A lawyer for a Missouri mother who says a pawn shop should be held accountable for selling her mentally ill daughter the gun she used to kill her own father challenged a claim that state and federal law protects the seller from liability.
Attorney Jonathan Lowy, of the Brady Center to Prevent Gun Violence, told state Supreme Court judges Wednesday that Odessa Gun & Pawn was negligent when it sold Colby Sue Weathers the gun in June 2012, hours before she used it to shoot and kill her father and two days after her mother warned the store that her daughter was mentally ill.
The state has since committed Weathers to a mental institution.
But the gun dealer, bolstered by arguments from the National Shooting Sports Foundation, said both Missouri and federal law blocks such lawsuits. Pawn shop attorney Derek MacKay said the 2005 Protection of Lawful Commerce in Arms Act, which bars some state-law actions against gun dealers if buyers use the weapons to harm others, was meant to prevent a “chilling effect” that lawsuits might have on commerce.
“It’s very clear that this statute was designed to prevent negligence claims,” he said.
Lowy said he doesn’t believe the law blocks Weather’s mother Janet Delana’s claim against the pawn shop. But if judges interpret it to do so, he said the law should be ruled unconstitutional because it intrudes on states’ rights and takes away legal opportunities for victims of gun violence.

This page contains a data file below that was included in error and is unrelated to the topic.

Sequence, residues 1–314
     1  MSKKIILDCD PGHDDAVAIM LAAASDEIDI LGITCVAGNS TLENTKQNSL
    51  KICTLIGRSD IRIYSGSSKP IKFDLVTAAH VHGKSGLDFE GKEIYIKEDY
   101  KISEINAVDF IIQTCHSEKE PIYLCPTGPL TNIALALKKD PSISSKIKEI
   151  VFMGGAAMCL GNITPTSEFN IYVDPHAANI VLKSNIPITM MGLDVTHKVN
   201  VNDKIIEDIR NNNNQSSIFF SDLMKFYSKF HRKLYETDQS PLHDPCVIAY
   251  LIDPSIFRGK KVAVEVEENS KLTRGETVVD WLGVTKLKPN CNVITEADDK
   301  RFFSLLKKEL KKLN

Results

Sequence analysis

Lowy also said that while the shop had the right to refuse to sell a gun to Weathers, it was store practice to sell guns to anyone who passed a background check.
“There’s a Second Amendment right of law-abiding, responsible citizens to have guns, but with rights come responsibilities,” Lowy told The Associated Press after the arguments. “Gun dealers have a responsibility to use reasonable care to prevent dangerous people from getting guns.”
U.S. attorneys weighed in on the case in court filings, arguing that the federal law is constitutional because it “is not a general bar of civil actions against firearms manufacturers and sellers” and includes exceptions to allow for some types of lawsuits. They took no position on the scope of the federal law and its applicability to the case at hand.
Judges questioned the attorneys about how similar hypothetical cases might play out legally. Judge Laura Denvir Stith asked Lowy whether a car dealer would be considered negligent if, after being notified that someone with a history of drunken driving was intoxicated at the time and planned to buy a vehicle, the dealer sold the individual a car anyway.
Judge Richard B. Teitelman raised questions about a gun dealer’s responsibility if advised against selling a gun to someone whose relatives warn that they might carry out a mass shooting. Teitelman said that’s an example of “some of the issues we’re dealing with today.”
Judges did not indicate when they might rule on the case.
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